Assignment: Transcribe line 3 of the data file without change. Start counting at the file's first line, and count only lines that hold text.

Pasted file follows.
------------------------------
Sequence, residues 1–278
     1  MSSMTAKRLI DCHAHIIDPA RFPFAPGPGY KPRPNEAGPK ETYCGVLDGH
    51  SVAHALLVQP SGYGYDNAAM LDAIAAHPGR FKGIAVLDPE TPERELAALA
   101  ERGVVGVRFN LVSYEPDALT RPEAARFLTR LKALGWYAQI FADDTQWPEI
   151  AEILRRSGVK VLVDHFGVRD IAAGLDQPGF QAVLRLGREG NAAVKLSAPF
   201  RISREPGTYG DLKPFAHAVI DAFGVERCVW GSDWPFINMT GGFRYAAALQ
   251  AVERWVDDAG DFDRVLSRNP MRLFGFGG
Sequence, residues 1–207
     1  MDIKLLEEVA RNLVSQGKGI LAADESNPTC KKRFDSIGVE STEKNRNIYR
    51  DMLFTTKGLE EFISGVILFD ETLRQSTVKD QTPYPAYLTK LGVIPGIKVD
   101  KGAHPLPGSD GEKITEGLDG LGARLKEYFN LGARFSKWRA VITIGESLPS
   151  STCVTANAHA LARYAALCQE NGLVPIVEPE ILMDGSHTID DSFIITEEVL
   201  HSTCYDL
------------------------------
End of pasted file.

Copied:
    51  SVAHALLVQP SGYGYDNAAM LDAIAAHPGR FKGIAVLDPE TPERELAALA